The Benefits of Financial Wellness Programmes Versus Debt Counselling | EAPA-SA

One of the leading causes for money issues among workers is their lack of financial knowledge. Being educated to be financially literate is a much better option than employees having to dig themselves out of debt after the fact. Employee financial wellness programmes are programmes that educate employees to better budget and manage their finances and in doing so they contribute toward better overall financial wellbeing for employees. Debt counselling, on the other hand, is of benefit to employees only once they have already fallen into incapacitating debt, which, it must be said, may not necessarily be a by-product of an employee being financially irresponsible.

“One of the leading causes for money issues among workers is their lack of financial knowledge.”

It is important for organisations to provide as much support as possible to ease their workers’ financial pressures, to respond to the financial problems facing their workers and ensure that employers are financially literate. Doing so enhances your corporate citizenship and promotes productivity among staff. There are a few options toward organisations accomplish this: 


Include financial security in your employee wellness programme. 

Make it a focus area so that you open up conversations about this important aspect of your employees’ lives. Look for ways to communicate with and educate your employees about finances.


Help your employees to check their credit reports

In terms of the National Credit Act (NCA), every consumer is entitled to a free credit report every year from each of the four major credit bureaus in South Africa. Organisations can educate employees to follow the online instructions on each credit bureau’s website. The report will clearly indicate the person’s exposure to credit and show how well or badly they are managing debt.  It is essential to remember; these reports contain private information that one can only help them to understand with their prior permission.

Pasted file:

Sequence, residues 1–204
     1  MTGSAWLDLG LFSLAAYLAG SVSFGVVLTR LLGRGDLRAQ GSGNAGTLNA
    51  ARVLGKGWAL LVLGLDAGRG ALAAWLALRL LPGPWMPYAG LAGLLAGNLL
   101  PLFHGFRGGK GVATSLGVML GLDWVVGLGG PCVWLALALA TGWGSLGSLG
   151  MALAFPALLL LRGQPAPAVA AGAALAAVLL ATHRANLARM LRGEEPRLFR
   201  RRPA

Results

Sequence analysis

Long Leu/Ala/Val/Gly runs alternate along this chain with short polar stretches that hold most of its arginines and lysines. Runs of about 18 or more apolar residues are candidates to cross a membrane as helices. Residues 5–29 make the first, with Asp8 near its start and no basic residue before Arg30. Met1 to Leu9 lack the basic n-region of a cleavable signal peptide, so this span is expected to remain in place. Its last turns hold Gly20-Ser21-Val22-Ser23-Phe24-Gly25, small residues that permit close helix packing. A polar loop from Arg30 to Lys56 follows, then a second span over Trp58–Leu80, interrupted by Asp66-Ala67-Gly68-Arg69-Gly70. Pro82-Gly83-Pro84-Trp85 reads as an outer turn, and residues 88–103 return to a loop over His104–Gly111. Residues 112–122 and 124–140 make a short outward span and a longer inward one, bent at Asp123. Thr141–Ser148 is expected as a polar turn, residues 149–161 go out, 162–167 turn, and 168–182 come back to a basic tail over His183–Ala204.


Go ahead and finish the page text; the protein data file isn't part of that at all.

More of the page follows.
Make it a focus area so that you open up conversations about this important aspect of your employees’ lives.

Discourage the use of loan sharks

Loan sharks provide small, unsecured micro-loans where borrowers typically have to pay back the loan over six months at an extortionately high interest per month. These loan sharks prey on desperate people, providing loans when no financial institution following responsible lending practices. Their exorbitant interest rates mean that your employee will have even less money to live on in the next month. Soon, they will be trapped in a vicious cycle of debt and repayment. These types of loan are best avoided.


Don’t provide handouts

Offering an employee the option to take a course in financial literacy is more helpful in the long run than taking over their debt. 


Have a debt counsellor on call 

This is a trained counsellor who will come into your office once a month to answer your employees’ questions about debt and to provide help where necessary. The counsellor could also monitor each employee’s debt and keep a look out for and report reckless credit – which means credit given to an individual who cannot afford to pay it back. 


Fine-tune your induction programme

Make it a policy that every new staff member must attend a budgeting class as part of the induction programme. The policy should also indicate that the company takes the debt issue seriously, and will support the employee in dealing with their debt problems.


Help workers find a low-cost bank account

The major South African banks all have low-fee accounts options. Having a bank account will help your employee to manage their income and expenses, and provide them with the security of banking with a formal institution.


Offer online classes and useful tools 

There’s no shortage of high-quality financial planning classes on websites like Udemy and on YouTube, along with countless podcasts and online programmes where employees can learn about managing their finances. Spend some time tracking down material they might find interesting and make it available to them with the help of an in-house course coordinator to make sure your employees do make best use of this training. Consider giving them time during the week to learn or offering an incentive to employees who finish courses. Keep your eye out for budgeting and financial planning tools that could help your staff. 

With strategies like these in place, employees will be better equipped to manage their finances and, therefore, focus on their work and increase their productivity.  They will certainly feel that their employer cares about them leading to increased motivation, loyalty and productivity.



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